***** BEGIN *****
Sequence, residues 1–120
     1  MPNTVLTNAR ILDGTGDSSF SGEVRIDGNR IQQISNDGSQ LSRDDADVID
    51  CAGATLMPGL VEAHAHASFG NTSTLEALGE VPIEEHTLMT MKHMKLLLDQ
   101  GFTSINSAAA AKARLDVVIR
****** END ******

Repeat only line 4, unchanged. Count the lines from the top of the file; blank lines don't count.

   101  GFTSINSAAA AKARLDVVIR